Arthur Conan Doyle became interested in Spiritualism as early as 1886, inspired by the writing of the US High Courts Judge John Worth Edmonds, and confessing his belief in the supernatural in various publications, including The Coming of the Fairies, "a collection of facts" about the Cottingley Fairies, published a year after the start of an odd friendship. In 1920, Doyle received the book The Unmasking of Robert-Houdin from none other than Harry Houdini, the renowned magician turned resolute skeptic, yet the two became friends, discussing spiritualism in terms of faith and frauds, respectively. [more inside]
"A wonderful brain interprets something differently from what it actually is, but it doesn't mean it's made a mistake. It took the information it had and did it's best job." Those are but two tricks from Jerry Andrus (1918-2007), self-taught magician and illusionist, and one of great renown amongst other magicians. But he was more than a slight-of-hand man: he was also a poet, philosopher, inventor, humanist, agnostic, and skeptic. There are an impressive number of videos of him online, these are but a few to get you started down the rabbit hole: Jerry Andrus is visual poetry (Google video / YT, 28 minutes) :: Jerry Andrus at the Magic Castle (G.vid, 49 min), Jerry Andrus at 83 his Optical Illusions (G.vid, 41 min) :: Jerry Andrus and Ray Hyman on Uri Geller (YT, 26 min) :: James Randi on Jerry Andrus (YT, 5 min) :: James Randi - who was Jerry Andrus? :: James Randi describes Jerry Andrus. The last two clips are from Rex Young, a young illusionist who has recreated many of Andrus' illusions on his YouTube channel, and made some of his own.
As part of making documents available following Freedom of Information Act requests, the FBI has set up The Vault, including documents on unexplained phenomenon. One document in particular, the Guy Hottel memo, had some proclaiming "these are the real life X-Files." Except it's not - the document is real, but the report was based on a hoax that is known by many UFO debunkers.
This article, about differences between male and female brains, is doing the rounds on various blogs. (I found it via reddit.) Meanwhile, debunkers are doing their best to rip the author a new asshole.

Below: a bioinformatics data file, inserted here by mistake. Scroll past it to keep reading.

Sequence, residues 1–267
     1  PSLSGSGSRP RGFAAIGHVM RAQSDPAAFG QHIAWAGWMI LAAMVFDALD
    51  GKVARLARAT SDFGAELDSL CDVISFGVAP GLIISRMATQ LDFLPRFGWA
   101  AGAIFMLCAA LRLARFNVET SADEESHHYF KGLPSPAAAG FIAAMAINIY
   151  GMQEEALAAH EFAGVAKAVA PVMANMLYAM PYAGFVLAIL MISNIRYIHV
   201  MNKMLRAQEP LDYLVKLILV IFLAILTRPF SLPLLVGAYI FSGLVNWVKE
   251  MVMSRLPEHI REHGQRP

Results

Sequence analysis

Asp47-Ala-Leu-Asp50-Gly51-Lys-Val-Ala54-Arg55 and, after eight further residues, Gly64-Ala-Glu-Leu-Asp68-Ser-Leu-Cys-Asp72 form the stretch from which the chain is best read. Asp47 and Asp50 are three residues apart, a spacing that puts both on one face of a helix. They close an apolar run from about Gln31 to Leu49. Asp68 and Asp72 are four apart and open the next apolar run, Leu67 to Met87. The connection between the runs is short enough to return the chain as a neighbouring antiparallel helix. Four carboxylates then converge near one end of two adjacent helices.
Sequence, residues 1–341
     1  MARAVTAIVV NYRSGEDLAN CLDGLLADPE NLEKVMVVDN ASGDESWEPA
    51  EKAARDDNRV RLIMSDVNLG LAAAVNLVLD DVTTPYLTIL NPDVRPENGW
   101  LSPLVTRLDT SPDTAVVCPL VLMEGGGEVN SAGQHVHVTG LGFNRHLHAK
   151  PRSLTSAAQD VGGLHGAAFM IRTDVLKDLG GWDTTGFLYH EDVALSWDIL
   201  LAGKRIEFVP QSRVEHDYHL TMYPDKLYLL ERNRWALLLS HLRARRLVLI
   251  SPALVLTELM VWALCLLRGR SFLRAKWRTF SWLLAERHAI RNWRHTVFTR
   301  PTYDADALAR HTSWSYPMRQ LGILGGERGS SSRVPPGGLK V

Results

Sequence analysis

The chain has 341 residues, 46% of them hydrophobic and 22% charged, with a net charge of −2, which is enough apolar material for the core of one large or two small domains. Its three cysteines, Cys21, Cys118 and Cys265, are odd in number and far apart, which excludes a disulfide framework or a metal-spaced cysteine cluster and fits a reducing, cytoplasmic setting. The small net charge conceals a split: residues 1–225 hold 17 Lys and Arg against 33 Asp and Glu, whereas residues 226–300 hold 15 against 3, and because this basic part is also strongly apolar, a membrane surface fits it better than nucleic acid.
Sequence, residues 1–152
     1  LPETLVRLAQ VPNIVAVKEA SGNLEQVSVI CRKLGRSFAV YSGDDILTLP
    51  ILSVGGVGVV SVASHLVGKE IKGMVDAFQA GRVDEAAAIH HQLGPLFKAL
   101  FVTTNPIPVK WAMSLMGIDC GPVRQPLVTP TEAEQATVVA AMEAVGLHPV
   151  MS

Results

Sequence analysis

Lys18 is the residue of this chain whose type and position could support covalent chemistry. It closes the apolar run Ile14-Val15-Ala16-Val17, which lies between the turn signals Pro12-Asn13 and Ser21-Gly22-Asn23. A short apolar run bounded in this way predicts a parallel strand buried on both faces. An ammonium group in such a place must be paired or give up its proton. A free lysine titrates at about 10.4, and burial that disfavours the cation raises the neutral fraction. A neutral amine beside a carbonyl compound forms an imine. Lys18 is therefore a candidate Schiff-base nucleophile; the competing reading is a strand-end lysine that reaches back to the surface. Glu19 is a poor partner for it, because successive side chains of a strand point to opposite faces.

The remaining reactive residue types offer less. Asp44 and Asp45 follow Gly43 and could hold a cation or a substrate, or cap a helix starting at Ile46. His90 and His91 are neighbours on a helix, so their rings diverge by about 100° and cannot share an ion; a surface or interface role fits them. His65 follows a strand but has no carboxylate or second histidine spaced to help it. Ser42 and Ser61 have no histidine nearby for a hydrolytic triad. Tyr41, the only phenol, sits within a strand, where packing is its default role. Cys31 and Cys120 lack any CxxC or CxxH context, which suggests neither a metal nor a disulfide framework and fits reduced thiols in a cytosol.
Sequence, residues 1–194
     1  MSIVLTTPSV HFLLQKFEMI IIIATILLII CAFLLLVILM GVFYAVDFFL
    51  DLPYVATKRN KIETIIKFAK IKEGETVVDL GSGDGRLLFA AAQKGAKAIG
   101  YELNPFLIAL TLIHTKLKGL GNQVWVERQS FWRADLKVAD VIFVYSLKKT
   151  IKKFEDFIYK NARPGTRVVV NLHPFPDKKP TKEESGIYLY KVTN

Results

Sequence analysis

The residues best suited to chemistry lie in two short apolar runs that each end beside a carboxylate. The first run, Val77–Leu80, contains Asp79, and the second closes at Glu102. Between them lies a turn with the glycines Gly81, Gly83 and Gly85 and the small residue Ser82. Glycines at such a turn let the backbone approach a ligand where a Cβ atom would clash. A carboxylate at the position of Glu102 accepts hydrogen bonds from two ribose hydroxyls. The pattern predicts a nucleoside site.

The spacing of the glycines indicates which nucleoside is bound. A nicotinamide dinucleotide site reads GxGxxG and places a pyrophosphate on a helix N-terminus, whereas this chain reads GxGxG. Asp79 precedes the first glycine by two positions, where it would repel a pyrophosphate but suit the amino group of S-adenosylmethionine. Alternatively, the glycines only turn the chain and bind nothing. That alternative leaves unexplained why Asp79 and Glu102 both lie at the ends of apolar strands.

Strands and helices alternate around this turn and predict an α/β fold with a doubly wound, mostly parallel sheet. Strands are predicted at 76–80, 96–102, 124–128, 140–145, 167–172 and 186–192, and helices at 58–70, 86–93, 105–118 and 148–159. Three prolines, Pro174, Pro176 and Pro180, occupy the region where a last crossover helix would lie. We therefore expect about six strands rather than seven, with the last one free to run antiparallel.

Yet another buzzword for the dustbin. Tipping Point. Exploitable phenomenon or total load of crap. [more inside]
Watch as the jet blast from a 747 tosses cars as if they are toys! Would Flight 77 Have Really Thrown Cars & People Off The Highway? Perhaps.
The house in Amityville with the fan-shaped windows making an inhuman face is the Godzilla of haunted house movies. The town and current owner of the house where the DeFeo family was murdered try to downplay (registration required) its signficance. The trademark windows in the original have been replaced to disguise its identity, and lawsuits force studios to use a house-double. Although latest remake claims the status of "true story," the case has been widely dismissed as a hoax and the 2005 film has even rased the ire of George Lutz for how he is portrayed as the haunted father-figure. Other people involved in the case including convicted murder DeFeo are unhappy with the new attention. Still, the story has its true believers and psychics who argue the debunkers have their own agenda. Then again, Texas Chainsaw Massacre was also claimed by the same production company to be "inspired by a true story."
Mind control revealed. Derren Brown, magician turned hypnotist, performs amazing feats of mind control and then gives away the basic psychological tricks he uses. The link is to the video clips from England's Channel 4, an article is here. Via boingboing.
I attacked and took over two countries... Friday Debunking Fun! It's been popping up all over in the past month. The problem is, none of its claims are referenced. I challenge my fellow MeFites to come up with the links to debunk or support the charges filed in the Presidential Confession. What's true? What isn't? What's relevant to the election?